How does rising atmospheric CO2 affect marine organisms?

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Summer Heat Waves
Fischer, E.M., Seneviratne, S.I., Luthi, D. and Schar, C. 2007. Contribution of land-atmosphere coupling to recent European summer heat waves. Geophysical Research Letters 34: 10.1029/2006GL029068.

What was done
In an effort to better understand what conditions lead to the occurrence of particularly severe European heat waves, the authors conducted regional climate simulations with and without land-atmosphere coupling for the major summer heat waves of 1976, 1994, 2003 and 2005.

What was learned
Because of the fact that depletion of soil moisture (which has long been predicted to accompany CO2-induced global warming) results in reduced latent cooling, Fischer et al. found that during all simulated heat wave events, "soil moisture-temperature interactions increase the heat wave duration and account for typically 50-80% of the number of hot summer days," noting that "the largest impact is found for daily maximum temperatures," which were amplified by as much as 2-3C in response to observed soil moisture deficits in their study.

So what does all of this have to do with atmospheric CO2? Quite a lot, it would appear, as explained in the following section.

What it means
In the words of Robock et al. (2000) - who developed a massive collection of soil moisture data from over 600 stations spread across a variety of climatic regimes (including the former Soviet Union, China, Mongolia, India and the United States) - "for the stations with the longest records, summer soil moisture in the top 1 m has increased [our italics] while temperatures have risen." This counter-intuitive finding was confirmed by Robock et al. (2005) and Li et al. (2007), the latter of whom note that when exposed to elevated concentrations of atmospheric CO2, "many plant species reduce their stomatal openings, leading to a reduction in evaporation to the atmosphere," so that "more water is likely to be stored in the soil or [diverted to] runoff," which latter phenomenon has in turn been confirmed by the work of Gedney et al. (2006), the senior author of whom was quoted by Pearce (2006) as saying that "climate change on its own would have slightly reduced runoff, whereas the carbon dioxide effect on plants would have increased global runoff by about 5%," with the combined effect of the two competing phenomena leading to the 3-4% flow increase actually observed.

In light of these complementary global soil moisture and river runoff observations, it would appear that the anti-transpiration effect of the historical rise in the air's CO2 content has more than compensated for the soil-drying effect of concomitant global warming; and this observation brings us to the ultimate point of our Journal Review. Based upon (1) the findings of Fischer et al. (2007) that soil moisture depletion greatly augments both the intensity and duration of summer heat waves, plus (2) the findings of Robock et al. (2000, 2005) and Li et al. (2007) that global soil moisture has actually increased over the past half century, likely as a result of the anti-transpiration effect of atmospheric CO2 enrichment - as Gedney et al. (2006) have also found to be the case with closely associated river runoff - it directly follows that the increase in soil moisture caused by rising atmospheric CO2 concentrations will tend to decrease both the intensity and duration of summer heat waves as time progresses.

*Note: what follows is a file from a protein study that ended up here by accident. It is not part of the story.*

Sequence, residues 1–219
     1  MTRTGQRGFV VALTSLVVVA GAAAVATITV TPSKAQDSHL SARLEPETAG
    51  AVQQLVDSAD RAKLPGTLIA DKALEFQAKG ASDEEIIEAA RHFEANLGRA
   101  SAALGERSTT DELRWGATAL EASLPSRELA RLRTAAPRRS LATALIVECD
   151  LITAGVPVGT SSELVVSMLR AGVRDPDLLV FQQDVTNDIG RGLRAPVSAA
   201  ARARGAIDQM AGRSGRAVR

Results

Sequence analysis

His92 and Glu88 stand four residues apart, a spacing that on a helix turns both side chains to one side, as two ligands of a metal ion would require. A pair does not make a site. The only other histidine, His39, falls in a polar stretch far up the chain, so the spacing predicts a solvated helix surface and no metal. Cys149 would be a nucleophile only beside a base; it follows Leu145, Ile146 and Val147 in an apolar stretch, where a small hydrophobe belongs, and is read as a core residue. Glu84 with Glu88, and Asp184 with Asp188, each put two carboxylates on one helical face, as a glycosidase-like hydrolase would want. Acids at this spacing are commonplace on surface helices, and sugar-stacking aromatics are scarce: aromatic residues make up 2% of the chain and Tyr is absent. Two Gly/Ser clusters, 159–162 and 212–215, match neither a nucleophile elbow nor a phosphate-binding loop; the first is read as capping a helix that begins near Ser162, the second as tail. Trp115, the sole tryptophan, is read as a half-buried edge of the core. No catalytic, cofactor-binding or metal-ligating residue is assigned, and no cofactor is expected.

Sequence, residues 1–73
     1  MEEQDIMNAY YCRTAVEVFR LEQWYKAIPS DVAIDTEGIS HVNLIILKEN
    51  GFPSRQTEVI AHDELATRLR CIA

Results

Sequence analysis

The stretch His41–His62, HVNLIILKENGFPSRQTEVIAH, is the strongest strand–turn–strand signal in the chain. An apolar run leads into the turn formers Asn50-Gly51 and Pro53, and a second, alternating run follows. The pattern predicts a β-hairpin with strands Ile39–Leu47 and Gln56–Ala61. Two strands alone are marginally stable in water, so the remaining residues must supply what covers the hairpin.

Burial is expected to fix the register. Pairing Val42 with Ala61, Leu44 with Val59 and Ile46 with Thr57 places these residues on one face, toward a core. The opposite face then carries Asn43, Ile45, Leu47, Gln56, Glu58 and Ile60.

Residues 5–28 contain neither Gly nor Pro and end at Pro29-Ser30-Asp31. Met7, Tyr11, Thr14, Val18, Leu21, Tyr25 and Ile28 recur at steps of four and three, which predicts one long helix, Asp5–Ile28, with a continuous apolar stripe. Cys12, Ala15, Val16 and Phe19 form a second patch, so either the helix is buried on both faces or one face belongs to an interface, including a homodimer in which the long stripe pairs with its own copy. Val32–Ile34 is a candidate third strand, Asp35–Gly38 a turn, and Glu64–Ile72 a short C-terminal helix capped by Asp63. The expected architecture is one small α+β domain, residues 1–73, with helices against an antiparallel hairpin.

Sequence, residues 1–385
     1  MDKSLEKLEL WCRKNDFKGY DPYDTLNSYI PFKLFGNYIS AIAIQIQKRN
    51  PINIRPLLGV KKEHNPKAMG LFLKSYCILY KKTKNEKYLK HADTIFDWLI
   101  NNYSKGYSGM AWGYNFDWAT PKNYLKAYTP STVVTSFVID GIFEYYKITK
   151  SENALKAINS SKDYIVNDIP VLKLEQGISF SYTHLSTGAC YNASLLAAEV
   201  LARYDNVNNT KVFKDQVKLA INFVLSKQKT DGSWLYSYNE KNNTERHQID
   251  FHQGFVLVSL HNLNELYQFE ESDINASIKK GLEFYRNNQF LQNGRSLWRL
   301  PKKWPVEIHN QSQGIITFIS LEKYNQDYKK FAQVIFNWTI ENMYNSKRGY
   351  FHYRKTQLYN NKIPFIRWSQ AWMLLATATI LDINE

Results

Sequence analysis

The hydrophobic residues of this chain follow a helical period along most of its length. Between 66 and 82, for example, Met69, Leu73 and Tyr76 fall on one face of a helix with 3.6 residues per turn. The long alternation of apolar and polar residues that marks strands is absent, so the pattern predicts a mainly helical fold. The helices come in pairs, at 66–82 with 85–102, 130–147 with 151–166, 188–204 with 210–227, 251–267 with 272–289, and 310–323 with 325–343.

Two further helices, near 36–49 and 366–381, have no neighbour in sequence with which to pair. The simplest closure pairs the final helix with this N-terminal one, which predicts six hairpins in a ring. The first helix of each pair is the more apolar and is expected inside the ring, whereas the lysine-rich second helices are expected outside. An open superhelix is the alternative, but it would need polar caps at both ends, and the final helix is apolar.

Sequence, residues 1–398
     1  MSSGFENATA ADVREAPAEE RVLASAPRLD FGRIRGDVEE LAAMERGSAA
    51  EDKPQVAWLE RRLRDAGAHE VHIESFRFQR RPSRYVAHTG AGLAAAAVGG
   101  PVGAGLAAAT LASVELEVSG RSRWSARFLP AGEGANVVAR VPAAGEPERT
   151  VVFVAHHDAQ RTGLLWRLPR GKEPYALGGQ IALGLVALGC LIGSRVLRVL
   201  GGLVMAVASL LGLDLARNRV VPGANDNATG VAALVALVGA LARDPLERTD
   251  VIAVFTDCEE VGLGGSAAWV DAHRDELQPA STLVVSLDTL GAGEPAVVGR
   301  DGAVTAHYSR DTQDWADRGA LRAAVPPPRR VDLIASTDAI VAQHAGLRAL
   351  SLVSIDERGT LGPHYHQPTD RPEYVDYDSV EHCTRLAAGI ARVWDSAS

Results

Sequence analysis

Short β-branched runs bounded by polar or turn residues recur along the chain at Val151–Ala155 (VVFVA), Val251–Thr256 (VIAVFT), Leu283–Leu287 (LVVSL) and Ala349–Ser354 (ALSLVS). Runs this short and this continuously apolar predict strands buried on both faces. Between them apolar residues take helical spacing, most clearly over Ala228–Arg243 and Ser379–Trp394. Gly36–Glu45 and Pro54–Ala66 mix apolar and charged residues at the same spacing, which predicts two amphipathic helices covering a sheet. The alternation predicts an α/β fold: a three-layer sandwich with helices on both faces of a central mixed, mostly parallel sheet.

Gedney, N., Cox, P.M., Betts, R.A., Boucher, O., Huntingford, C. and Stott, P.A. 2006. Detection of a direct carbon dioxide effect in continental river runoff records. Nature 439: 835-838.

Li, H., Robock, A. and Wild, M. 2007. Evaluation of Intergovernmental Panel on Climate Change Fourth Assessment soil moisture simulations for the second half of the twentieth century. Journal of Geophysical Research 112: 10.1029/2006JD007455.

Pearce, F. 2006. Increased CO2 may cause plant life to raise rivers.

Robock, A., Mu, M., Vinnikov, K., Trofimova, I.V. and Adamenko, T.I. 2005. Forty-five years of observed soil moisture in the Ukraine: No summer desiccation (yet). Geophysical Research Letters 32: 10.1029/2004GL021914.

Robock, A., Vinnikov, K.Y., Srinivasan, G., Entin, J.K., Hollinger, S.E., Speranskaya, N.A., Liu, S. and Namkhai, A. 2000. The global soil moisture data bank. Bulletin of the American Meteorological Society 81: 1281-1299.

Reviewed 13 June 2007